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to the development of athletics and the introduction of the gymnasium. Vent is thus given to the exuberant vitality of youth and the way has thus been prepared for the more wholesome and manly sentiments which now prevail in most colleges concerning such disorders and riot. We welcome the change and would gladly make it complete and permanent. So let us not mistake that which is exceptional, that which is trivial, or that which is unworthy for the main business which we have in hand. And let us all unite in a common purpose and an earnest endeavor to make our own lives and the general life of the college clean, manly and industrious.
You who have come to college are picked men. You have been selected for leadership. You can be prepared for the unusual opportunities and responsibilities which await you only by faithful work. Your time is too valuable to be squandered in loafing or frivolity.
You need it for your daily work and you will find it none too long to make sure that your friends will not be disappointed in the great ends which have brought you here. The college boy becomes a man, not before but during his student days. The fiber and the stamina of his future years depend on the grit and selfcontrol which he throws into his college life. He will meet new temptations, but the same prudence and restraint which he has learned by practice at home will keep him upright and safe from wrong here.
One of the differences between the college life of to-day and that of former times consists in the greater freedom which is now given to students. You have been amused at the codes of minute college laws which used to be published. But the present freedom of students consists not merely in release from surveillance, in determining so largely for themselves how they will pass their time, what their interests and who their asso
ciates shall be, and numerous details relating to their personal conduct, but also in the choice of subjects of study and in forming opinions on moral social and religious subjects.
When students entered college a generation ago, they found a course of study prescribed for them which gave no opportunity for selection of studies, and which consisted principally of those branches that were believed to possess the highest disciplinary value. The classics and mathematics were held to be nearly all that preparatory schools and colleges needed to teach. The analysis of words, the construction of sentences in their minor shades of difference, and wrestling with intricate problems were considered the true work of the student. By these things his accuracy of thought, strength of reasoning, fairness of judgment and keenness of insight would be developed.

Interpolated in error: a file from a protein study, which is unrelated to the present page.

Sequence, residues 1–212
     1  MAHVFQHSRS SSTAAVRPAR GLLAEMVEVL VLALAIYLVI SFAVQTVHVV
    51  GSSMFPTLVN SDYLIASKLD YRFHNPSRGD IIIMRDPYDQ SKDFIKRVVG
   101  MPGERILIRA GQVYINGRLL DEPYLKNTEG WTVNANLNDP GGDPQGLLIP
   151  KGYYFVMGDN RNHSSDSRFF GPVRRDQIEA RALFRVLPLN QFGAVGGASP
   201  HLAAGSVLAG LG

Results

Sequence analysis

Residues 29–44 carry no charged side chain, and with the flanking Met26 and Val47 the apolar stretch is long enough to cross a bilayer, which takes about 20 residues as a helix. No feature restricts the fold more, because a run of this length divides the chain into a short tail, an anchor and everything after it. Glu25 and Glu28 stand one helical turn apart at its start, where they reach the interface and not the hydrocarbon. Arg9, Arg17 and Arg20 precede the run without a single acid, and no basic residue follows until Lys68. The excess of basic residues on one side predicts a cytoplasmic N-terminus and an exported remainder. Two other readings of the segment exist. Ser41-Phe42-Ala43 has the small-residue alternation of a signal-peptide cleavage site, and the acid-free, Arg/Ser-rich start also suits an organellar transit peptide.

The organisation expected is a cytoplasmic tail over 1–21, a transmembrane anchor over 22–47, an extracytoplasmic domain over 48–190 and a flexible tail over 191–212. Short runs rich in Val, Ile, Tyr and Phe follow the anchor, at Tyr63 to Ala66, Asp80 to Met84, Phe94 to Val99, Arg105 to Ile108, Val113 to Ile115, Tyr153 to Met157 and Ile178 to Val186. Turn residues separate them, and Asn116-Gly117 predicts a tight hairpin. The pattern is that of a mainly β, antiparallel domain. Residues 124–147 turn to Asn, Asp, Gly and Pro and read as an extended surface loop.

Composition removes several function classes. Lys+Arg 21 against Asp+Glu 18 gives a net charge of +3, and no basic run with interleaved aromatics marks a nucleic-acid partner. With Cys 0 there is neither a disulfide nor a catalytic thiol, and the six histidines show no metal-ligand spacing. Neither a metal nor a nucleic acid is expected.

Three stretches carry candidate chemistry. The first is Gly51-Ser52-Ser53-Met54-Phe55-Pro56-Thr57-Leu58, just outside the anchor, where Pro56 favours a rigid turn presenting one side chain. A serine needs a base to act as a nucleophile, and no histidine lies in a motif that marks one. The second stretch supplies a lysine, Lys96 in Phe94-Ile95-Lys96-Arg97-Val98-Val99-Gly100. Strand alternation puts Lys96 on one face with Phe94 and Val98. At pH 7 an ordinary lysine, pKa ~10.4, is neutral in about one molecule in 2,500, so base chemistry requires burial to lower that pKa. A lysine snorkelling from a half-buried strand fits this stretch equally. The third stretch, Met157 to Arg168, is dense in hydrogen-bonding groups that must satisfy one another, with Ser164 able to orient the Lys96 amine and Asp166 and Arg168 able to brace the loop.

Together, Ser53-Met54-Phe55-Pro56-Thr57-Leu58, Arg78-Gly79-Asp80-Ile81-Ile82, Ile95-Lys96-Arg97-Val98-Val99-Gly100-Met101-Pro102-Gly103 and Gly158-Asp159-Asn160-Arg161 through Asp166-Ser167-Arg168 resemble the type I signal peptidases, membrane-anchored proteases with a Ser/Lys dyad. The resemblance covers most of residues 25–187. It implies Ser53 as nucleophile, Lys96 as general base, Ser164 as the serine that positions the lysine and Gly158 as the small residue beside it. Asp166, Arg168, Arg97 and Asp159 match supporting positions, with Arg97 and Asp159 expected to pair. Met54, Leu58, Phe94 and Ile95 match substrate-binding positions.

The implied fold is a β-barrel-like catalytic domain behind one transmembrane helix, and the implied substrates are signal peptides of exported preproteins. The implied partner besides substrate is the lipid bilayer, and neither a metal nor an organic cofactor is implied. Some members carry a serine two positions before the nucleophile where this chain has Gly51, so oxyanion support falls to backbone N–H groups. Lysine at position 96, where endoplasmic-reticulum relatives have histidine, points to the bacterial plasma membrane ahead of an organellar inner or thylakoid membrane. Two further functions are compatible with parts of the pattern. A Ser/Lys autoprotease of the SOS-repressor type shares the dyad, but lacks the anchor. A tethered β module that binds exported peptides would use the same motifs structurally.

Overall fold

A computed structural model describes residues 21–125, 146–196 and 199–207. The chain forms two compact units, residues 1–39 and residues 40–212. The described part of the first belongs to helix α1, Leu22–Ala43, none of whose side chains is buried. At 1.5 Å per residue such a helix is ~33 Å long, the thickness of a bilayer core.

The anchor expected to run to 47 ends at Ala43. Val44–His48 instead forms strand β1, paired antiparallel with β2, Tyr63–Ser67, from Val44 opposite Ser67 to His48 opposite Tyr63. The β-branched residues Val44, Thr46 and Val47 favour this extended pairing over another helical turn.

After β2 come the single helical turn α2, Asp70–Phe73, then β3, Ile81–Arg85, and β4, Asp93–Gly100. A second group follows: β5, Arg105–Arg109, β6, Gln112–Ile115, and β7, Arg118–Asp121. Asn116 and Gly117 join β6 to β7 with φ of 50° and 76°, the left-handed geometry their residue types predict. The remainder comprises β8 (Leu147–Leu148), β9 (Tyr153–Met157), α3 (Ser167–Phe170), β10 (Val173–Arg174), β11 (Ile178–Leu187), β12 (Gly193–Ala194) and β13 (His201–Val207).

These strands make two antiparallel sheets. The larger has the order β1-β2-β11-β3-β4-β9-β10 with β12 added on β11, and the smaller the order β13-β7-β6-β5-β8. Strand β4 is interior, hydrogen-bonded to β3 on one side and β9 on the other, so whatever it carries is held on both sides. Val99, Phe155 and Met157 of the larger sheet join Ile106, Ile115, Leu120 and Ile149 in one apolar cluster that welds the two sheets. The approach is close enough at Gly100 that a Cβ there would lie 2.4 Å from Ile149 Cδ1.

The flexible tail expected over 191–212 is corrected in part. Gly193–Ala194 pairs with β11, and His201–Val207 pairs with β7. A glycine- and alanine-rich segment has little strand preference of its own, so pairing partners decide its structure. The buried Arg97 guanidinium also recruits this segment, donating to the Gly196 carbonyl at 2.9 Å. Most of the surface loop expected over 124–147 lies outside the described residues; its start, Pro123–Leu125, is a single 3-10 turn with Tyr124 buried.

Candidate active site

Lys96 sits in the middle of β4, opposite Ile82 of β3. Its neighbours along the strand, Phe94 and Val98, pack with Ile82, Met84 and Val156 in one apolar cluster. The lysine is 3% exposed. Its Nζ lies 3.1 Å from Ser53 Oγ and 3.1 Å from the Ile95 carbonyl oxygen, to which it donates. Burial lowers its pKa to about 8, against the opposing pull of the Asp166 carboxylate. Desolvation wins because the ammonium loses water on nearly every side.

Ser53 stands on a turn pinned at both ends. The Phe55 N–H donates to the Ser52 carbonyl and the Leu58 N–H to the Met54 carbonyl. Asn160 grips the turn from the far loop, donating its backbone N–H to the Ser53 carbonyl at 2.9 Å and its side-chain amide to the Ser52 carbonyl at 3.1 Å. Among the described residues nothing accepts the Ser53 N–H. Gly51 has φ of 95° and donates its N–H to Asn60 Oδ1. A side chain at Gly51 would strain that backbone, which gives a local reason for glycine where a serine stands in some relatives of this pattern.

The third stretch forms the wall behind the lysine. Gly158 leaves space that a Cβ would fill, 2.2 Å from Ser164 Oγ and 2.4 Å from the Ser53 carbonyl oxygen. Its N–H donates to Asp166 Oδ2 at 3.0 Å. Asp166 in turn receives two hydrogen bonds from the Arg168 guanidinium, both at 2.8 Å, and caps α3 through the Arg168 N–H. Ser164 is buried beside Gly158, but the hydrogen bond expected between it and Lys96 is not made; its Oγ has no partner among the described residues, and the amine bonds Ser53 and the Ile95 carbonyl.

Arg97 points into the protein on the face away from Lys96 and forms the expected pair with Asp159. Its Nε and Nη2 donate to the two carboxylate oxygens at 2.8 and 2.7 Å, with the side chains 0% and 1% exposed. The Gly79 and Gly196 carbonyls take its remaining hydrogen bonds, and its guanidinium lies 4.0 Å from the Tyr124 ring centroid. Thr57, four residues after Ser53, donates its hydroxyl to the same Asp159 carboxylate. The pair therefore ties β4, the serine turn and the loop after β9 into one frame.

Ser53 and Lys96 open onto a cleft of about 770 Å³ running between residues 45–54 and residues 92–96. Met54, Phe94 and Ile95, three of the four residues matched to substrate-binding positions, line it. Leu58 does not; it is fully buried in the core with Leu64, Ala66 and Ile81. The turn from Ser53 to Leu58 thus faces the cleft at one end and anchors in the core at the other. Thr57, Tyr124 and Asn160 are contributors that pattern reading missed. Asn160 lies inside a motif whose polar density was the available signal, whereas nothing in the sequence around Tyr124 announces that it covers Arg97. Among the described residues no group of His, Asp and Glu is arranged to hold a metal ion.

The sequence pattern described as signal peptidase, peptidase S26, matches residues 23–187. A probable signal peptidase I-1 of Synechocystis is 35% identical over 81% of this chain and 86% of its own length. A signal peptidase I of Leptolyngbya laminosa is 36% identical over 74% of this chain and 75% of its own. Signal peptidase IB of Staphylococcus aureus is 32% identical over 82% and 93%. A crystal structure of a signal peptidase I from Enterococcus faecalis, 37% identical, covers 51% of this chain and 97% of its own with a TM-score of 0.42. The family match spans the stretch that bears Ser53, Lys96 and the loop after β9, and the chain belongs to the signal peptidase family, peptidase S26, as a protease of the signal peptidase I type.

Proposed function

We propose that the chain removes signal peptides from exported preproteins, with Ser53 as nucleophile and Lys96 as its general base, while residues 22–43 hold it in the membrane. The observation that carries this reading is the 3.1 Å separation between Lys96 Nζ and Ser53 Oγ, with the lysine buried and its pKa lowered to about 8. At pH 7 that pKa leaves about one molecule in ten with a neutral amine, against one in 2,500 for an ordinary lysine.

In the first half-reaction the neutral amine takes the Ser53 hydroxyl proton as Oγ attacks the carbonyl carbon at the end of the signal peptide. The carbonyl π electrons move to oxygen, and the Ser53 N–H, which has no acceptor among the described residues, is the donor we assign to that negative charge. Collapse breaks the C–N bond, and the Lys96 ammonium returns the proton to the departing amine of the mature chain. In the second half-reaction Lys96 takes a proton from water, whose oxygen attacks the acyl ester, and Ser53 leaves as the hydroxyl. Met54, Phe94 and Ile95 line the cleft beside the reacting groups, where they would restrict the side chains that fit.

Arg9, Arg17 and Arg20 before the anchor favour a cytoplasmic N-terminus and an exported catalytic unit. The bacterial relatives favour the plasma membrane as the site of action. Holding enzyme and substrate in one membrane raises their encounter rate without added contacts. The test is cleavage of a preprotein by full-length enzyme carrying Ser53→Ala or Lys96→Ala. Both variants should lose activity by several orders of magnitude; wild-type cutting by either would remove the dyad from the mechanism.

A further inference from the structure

Let us not undervalue what the col
lege did for its students thirty or forty years ago. It laid firm hold of the great truth that intellectual strength is better than mere acquisitions. It inculcated it with every lesson. But there are other important things. While discipline is a fundamental purpose in education, it is intimately related to certain subordinate ends which must not be overlooked. The mind, like the body, grows strong by vigorous exercise. In the gymnasium you raise the vaulting bar inch by inch to train yourself to jump as high as you can. Intellectual strength comes not so much by a dull routine as by intense and earnest effort. As far as possible we should be interested in what we study; we should see its relation and its uses. The knowledge to be gained should be such as will be devoured with avidity. Hence the value of the elective system of studies which is now, in one form or another, incorporated into the work of all American colleges.
Form the habit of interesting yourselves thoroughly in your work. Cuvier, when a student, was one day walking along the beach in his native Normandy when he observed a cuttlefish lying stranded on a hillock of sand. Attracted by the curious object, he took it home to dissect, working for weeks upon it, and thus began the study of mollusks which ended in his becoming the most eminent scientist of his day. Hugh Miller's curiosity was excited by certain remarkable traces of extinct sea-animals in the old red sandstone. He studied, investigated, and became a leader of scientific thought. It was necessity, he said, which made him a geologist. He could not stop studying. How readily and how completely was the interest of these men aroused! Dr. Johnson defined a genius to be "a man of large general powers accidentally determined in some particular direction." Students do their best work when they are interested.